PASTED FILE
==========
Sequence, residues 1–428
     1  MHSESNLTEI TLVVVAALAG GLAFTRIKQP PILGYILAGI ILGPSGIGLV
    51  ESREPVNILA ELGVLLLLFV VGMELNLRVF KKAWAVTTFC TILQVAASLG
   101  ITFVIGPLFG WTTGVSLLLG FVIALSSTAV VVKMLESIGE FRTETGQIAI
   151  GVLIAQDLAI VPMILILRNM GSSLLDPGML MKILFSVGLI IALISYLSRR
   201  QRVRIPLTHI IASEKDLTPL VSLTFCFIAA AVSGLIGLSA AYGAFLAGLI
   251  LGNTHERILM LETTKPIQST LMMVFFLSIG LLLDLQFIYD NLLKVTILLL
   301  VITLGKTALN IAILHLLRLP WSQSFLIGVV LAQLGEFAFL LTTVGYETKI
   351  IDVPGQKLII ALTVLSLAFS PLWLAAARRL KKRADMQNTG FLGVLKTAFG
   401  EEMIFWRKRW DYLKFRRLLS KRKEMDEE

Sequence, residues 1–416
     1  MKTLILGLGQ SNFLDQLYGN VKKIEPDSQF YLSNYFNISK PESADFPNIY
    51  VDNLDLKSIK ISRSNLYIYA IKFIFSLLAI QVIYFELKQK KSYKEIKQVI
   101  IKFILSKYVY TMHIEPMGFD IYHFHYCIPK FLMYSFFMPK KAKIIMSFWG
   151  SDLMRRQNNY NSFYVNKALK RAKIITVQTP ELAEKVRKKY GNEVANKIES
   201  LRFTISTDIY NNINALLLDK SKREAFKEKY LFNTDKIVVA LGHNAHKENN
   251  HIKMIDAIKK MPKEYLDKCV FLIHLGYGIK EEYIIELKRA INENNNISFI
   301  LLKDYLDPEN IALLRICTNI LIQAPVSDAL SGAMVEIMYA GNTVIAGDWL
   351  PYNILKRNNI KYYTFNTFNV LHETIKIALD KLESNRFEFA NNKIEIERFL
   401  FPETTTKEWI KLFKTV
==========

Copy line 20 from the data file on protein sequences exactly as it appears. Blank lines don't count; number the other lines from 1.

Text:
   401  FPETTTKEWI KLFKTV